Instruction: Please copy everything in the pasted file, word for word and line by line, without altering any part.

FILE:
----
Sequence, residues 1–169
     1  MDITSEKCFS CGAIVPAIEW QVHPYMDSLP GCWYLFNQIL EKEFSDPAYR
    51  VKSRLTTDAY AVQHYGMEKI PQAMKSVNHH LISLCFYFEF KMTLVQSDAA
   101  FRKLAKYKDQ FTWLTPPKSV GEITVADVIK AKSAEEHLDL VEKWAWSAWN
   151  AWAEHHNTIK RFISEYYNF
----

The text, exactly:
Sequence, residues 1–169
     1  MDITSEKCFS CGAIVPAIEW QVHPYMDSLP GCWYLFNQIL EKEFSDPAYR
    51  VKSRLTTDAY AVQHYGMEKI PQAMKSVNHH LISLCFYFEF KMTLVQSDAA
   101  FRKLAKYKDQ FTWLTPPKSV GEITVADVIK AKSAEEHLDL VEKWAWSAWN
   151  AWAEHHNTIK RFISEYYNF